In a small shed, in a building that divides opinion, but is nonetheless an inspiring example of what the imagination can achieve, we were invited to open our minds to the power of imagination.
For the month of February the iconic Selfridges department store became a portal into the creative mind. The store was hosting a programme of inspiring events, future gazing concepts and innovative products. Guests to the festival were told to open their minds in preparation to explore…
Designed by Artist Beth Derbyshire and built by Urban Designer Matt Foster in collaboration with the Birmingham Institute of Art & Design and CFAR, the Imaginarium, built solely for the event was a unique creative hub set in the heart of the store. Imaginative workshops and inspiring talks by renowned designers, artists and academics were held in an intimate environment sealed away from the outside world. Following a unique programme devised by Beth Derbyshire and produced by Sophia Tarr, each event was organised to inspire visitors and provide them with the tools to unlock their own imaginative powers.
Revolution 18/ Bowie 7.02.14
Led by Vivid projects and Chromatouch
Bowie has been a major figure in the world of popular music for over four decades and is renowned as an innovator, particularly for his work in the 1970s. He is known for his distinctive voice as well as the intellectual depth and eclecticism of his work, so as I’m sure you can imagine we were pretty excited by the sound of an event being held in our city.
I use the term ‘event’ in the loosest fashion, as we weren’t really sure what to expect but went along anyway, because after all it was Bowie.
After managing a couple of late briefs into studio and a few final tweaks to work that needed completing ahead of the weekend, we headed out into town and took our seats in a dimly lit Imaginarium. Some fine tuning and a slight delay later, the DJ started to play alongside a part documentary multi-screen installation.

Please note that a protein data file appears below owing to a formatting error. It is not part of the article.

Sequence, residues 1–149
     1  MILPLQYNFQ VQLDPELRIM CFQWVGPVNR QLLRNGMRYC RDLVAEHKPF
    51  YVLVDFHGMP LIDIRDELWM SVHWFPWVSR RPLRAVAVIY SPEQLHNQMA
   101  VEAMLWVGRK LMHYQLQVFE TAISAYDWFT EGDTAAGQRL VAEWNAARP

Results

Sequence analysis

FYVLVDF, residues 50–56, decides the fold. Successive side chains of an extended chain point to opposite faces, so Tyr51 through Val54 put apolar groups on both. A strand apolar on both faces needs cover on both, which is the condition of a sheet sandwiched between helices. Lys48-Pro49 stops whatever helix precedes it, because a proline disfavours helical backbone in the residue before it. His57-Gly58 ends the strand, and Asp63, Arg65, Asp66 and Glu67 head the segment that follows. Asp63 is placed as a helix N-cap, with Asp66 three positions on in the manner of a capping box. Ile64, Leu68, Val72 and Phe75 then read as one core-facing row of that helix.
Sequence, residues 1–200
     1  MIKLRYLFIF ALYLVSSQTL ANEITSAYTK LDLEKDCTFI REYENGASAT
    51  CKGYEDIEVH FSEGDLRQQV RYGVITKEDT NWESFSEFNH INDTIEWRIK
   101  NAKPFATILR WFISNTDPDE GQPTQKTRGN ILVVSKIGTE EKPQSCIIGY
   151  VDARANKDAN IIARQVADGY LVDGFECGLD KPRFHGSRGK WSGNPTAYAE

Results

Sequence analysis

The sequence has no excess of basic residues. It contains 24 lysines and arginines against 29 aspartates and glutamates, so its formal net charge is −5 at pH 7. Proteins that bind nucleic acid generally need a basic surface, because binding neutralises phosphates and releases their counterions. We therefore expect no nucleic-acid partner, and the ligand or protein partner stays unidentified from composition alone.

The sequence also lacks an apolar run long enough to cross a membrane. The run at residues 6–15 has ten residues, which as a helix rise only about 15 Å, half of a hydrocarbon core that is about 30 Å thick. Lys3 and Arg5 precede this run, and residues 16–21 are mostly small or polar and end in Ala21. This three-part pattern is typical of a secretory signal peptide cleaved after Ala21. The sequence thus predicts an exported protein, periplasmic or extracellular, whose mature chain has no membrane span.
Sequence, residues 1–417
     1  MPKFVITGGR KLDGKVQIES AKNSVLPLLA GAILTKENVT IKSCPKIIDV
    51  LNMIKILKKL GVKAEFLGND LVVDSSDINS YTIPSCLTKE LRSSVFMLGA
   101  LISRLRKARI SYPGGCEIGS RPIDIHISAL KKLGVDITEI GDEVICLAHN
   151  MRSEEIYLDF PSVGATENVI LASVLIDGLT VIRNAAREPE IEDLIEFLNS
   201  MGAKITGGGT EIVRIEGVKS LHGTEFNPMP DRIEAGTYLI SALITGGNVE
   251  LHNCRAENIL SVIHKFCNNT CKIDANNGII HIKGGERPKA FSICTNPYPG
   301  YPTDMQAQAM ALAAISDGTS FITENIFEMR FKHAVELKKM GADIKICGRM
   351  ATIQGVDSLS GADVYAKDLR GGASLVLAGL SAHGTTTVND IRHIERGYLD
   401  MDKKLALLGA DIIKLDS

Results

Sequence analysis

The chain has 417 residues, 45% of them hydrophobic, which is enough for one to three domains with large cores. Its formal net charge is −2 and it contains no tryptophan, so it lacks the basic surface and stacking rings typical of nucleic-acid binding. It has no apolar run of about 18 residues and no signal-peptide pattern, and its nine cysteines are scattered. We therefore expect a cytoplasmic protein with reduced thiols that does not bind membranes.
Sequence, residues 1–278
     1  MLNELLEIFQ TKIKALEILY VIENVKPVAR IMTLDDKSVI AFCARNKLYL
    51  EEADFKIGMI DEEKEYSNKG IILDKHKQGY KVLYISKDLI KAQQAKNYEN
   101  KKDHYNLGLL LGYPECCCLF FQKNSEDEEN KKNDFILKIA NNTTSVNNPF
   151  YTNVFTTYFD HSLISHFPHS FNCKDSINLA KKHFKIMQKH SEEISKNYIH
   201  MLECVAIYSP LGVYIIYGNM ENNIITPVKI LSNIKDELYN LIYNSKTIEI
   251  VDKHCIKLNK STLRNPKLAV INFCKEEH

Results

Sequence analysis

The event was an optical feast of fashion, colour and pop culture accompanied by some of Bowie’s most iconic hits played live and loud.
The DJ took us back in time to hits including, Heroes, Station to Station and Let’s Dance. Space Oddity was also played with accompanying footage of the infamous 2012 RedBull Stratos mission.
Needless to say we all had a ball, reminiscing and enjoying the classic tunes, however we were all in agreement that the event should have actually been hosted in a tent with a couple of beers so that we could have danced our socks off…
Power of Imagination 14.02.14
Led by Emes
‘If you can dream it you can do it’ is what Walt Disney said and it’s also a quote that inspires Ian Emes – creator of the film French Windows and collaborator with Pink Floyd.
It’s not often that we in the creative industry are invited to forget pens, papers, and the mac and just dream for a few moments, but that’s what we were here for and that’s what we did.
Staring at a white spot on a dark screen and being invited to just listen to the music and let your mind draw the pictures could seem a little bizarre to some. But it was a Friday afternoon, it was Valentine’s Day, we’d just had a beer and the music was ‘One of These Days’ by Pink Floyd, so whatever…
Interestingly, many people in this little shed all experienced the same imagery in their minds – of movement – different kinds of movement granted…dancers, birds in flight, people running – but the shared sense was certainly one of moving forwards and purpose. Ian then shared with us his story.
He’d been at a party, and heard this record for the first time and it changed his life. He had no reason to, but he just knew that he had to create a piece of work that brought this music to life, it nagged and nagged at him. So enter French Windows http://www.youtube.com/watch?v=Rgww1XEH-P8
Ian described to us how for him, inspiration comes from all quarters, but that you have to be open to it. That it doesn’t matter if you’re not a great technical artist – it’s the idea that conquers all.
He also told us that sometimes, his ideas and those of great artists have been before their time and considered ridiculous, but eventually these become the norm. He encouraged us to dream. Not to give up on the ideas that keep nagging at your brain (because those are the good ones) and to chuck out any that you can’t make go anywhere – because these are generally the bad ones.
Although we weren’t told anything we didn’t already know, it was rather heartening to spend time with likeminded people, being reminded that to be given the time to dream, to consider and to evaluate can create some of the greatest ideas of all.
We should do this every day we said.
And after that realisation, we stepped out on to the street and admired the Selfridges building once more before reminding ourselves that we had deadlines to hit…but just enough time to take some shots to feed our Instagram obsessions…